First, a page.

Industrial Britain 1870-1914: A Study of the Great Depression and Industrial Deceleration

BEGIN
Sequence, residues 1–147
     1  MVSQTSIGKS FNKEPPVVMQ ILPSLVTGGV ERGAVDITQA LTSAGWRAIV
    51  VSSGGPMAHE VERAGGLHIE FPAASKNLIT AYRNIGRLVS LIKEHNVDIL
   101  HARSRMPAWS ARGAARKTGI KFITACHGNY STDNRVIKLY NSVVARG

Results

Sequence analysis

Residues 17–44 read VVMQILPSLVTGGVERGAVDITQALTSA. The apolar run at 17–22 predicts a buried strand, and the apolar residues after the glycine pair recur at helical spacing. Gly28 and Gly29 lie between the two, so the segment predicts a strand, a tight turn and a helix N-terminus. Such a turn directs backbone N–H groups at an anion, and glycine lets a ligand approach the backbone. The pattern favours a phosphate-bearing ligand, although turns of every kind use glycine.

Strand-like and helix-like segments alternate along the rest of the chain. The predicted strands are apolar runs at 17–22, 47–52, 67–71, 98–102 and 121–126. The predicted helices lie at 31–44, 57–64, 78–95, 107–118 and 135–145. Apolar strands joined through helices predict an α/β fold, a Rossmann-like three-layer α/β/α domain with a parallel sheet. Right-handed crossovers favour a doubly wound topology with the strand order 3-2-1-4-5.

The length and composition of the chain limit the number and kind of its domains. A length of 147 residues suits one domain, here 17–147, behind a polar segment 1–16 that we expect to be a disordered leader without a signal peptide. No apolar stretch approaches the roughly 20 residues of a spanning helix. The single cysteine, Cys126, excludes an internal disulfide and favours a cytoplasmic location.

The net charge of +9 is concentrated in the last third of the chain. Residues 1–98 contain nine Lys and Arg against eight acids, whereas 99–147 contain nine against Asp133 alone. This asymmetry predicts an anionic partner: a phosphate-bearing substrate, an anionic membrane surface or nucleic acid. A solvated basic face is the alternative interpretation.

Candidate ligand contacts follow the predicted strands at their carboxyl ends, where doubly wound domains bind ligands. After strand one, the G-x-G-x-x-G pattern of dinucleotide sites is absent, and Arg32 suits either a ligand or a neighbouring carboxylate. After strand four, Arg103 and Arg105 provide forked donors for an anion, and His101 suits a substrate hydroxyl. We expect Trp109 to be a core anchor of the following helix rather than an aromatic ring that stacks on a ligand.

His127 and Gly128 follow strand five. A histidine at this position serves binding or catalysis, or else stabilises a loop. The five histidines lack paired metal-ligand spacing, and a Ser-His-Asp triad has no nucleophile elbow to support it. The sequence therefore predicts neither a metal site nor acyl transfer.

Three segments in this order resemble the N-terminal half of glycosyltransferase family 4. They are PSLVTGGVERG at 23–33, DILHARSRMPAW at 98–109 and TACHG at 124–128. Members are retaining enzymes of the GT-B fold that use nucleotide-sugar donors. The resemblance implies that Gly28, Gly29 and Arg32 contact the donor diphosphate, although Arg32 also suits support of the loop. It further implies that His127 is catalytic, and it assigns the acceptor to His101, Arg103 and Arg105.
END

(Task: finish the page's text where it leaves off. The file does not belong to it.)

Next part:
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Preceding any reading of economic history, one must ask the unavoidable question, "Does the past possess useful economics?" This question, however, is only a modern phenomena. Adam Smith, Karl Marx, and John Maynard Keynes would find the question absurd" at best. They would gaze down in disbelief at their heirs studying economics with history left out. Moreover, historians who ignore the economics of the past forgo a real and full understanding of history. Economic activity always has been, and always will be, one of man's most consuming exercises. Economists and historians can both find value in the economics of the past. Economists can discover additional information for hypotheses, plus a clearer perspective on today's economy. Historians can piece together a clearer picture of the past by knowing how individuals and nations procured a living. So, yes, the past does possess useful economics.
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